Do you want to make the switch from regular coffee to herbal tea? While the National Institutes of Health (NIH) say that two to four cups of coffee a day should not be a problem for most people, cutting back or eliminating caffeine from your diet can be beneficial. After all, the FDA advises a limit of 100 to 200 mg of caffeine per day. For comparison, a regular brewed cup of coffee can have anywhere from 95 to 200 mg of caffeine per cup. Even black tea can have 40 to 120 mg of caffeine per cup.
Research has shown that both tea and coffee have benefits in terms of antioxidants, but when the two are compared, tea does come out ahead, particularly because it has few, if any, negative side effects. Here’s why:
• Happy Hearts—Tea lowers blood pressure, while even decaf coffee has been linked to high cholesterol.
• Brain Power—Drinking green tea has been shown to prevent Alzheimer’s.
• Building Bones—Green tea can maintain bone strength.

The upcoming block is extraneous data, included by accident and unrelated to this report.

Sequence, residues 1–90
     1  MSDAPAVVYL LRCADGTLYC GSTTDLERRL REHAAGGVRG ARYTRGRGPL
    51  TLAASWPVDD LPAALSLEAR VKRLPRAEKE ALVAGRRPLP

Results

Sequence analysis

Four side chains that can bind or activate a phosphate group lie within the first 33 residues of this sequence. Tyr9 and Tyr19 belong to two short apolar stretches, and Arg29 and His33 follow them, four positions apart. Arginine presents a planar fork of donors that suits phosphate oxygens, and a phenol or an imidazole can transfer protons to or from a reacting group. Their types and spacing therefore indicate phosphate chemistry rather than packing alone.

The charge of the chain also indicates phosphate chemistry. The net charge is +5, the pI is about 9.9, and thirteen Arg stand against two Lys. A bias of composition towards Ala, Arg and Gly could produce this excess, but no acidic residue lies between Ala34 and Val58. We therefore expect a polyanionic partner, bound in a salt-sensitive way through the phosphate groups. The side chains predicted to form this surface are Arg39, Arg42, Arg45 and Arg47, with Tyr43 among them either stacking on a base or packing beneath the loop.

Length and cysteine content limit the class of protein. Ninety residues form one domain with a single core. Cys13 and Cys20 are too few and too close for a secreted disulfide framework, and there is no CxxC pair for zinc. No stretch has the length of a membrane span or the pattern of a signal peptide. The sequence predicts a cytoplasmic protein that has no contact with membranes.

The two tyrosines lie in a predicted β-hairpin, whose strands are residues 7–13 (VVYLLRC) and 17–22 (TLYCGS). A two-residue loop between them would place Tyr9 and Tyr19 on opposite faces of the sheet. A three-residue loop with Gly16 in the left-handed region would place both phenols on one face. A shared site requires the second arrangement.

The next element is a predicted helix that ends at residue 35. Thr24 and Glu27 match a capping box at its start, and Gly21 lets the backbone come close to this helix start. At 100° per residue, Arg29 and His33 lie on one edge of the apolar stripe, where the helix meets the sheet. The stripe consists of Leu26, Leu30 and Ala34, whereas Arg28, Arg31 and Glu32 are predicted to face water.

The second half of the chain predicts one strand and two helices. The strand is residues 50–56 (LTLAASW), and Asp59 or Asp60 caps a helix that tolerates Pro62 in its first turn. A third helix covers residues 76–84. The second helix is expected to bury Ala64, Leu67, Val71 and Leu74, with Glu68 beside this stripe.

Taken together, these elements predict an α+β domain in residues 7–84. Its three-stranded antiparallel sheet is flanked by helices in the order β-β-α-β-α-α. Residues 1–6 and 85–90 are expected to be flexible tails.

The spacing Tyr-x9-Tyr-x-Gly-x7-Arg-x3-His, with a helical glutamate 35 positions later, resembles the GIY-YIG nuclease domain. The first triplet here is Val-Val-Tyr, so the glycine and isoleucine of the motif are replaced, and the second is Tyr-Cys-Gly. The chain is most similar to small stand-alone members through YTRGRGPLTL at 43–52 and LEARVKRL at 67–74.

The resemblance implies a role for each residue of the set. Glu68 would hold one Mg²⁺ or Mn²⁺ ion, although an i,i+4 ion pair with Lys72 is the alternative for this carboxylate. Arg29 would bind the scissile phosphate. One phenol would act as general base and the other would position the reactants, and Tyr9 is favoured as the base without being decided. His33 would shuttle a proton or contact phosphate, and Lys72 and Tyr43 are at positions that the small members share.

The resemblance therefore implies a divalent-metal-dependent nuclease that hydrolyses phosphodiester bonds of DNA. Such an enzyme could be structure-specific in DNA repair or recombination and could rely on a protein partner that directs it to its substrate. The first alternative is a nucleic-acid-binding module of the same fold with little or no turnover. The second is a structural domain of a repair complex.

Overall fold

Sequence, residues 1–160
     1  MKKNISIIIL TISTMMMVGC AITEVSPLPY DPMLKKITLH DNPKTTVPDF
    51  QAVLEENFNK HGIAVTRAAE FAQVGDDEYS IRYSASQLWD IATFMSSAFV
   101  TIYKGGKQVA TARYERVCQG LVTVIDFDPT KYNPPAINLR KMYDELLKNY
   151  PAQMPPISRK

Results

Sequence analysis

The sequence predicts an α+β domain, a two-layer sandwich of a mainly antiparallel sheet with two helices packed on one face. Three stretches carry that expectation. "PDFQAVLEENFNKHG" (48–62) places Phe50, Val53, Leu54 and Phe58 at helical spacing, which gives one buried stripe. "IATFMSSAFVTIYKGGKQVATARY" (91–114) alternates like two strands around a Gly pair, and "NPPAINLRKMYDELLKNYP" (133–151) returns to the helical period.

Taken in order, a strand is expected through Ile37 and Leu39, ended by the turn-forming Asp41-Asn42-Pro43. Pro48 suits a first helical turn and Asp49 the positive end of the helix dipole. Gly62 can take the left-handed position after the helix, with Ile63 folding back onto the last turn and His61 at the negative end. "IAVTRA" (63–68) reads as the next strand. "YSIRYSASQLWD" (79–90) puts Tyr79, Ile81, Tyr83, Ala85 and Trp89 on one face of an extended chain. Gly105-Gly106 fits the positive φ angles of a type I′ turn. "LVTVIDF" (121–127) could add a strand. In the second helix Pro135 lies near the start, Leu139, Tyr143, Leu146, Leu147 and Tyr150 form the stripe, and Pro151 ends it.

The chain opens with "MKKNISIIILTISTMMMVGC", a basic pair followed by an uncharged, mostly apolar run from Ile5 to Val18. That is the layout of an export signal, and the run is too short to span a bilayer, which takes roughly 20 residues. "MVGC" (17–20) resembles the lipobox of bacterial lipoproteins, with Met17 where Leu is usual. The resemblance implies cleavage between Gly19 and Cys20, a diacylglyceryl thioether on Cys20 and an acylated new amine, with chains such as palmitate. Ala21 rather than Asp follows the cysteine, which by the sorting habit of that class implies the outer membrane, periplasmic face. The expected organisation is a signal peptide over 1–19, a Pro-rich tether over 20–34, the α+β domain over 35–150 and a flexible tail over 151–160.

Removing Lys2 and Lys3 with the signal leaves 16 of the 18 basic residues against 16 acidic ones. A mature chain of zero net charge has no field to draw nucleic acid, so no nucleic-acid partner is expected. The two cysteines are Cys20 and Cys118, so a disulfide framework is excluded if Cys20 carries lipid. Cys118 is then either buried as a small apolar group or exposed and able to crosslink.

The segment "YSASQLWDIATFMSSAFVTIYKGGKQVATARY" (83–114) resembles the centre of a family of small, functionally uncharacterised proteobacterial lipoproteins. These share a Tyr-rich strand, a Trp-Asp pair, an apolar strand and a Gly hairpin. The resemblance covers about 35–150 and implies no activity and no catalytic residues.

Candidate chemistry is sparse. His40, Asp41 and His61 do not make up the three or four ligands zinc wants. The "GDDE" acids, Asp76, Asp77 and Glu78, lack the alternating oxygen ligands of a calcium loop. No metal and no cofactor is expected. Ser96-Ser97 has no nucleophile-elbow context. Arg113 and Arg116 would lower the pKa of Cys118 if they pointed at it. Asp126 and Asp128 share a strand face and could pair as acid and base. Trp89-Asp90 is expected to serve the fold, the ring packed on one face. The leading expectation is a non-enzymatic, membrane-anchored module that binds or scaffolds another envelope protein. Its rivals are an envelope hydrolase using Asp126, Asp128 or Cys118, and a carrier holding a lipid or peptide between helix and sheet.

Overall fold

• Stone Buster—Prevention of kidney stones has been linked to green tea.
• Weight Wonders—Caffeine in any form can suppress your appetite, but green tea is believed to rev up your metabolism of fat.
• Some Smile—The main antioxidant in green tea may ward off cavities.
While you might be tempted to just quit coffee cold turkey, it is probably best to wean yourself slowly off of coffee’s caffeine to eliminate any unpleasant withdrawal symptoms such as headaches, fatigue or irritability. The Mayo Clinic advises that you gradually cut back by:
• Drink one fewer can of soda or cup of coffee a day
• Avoid caffeinated beverages later in the day
• Brew regular tea for less time to cut down on its caffeine content
Other ways to make the switch include mixing regular tea or coffee with decaffeinated and gradually increase the level of decaf. You could also switch to a smaller cup.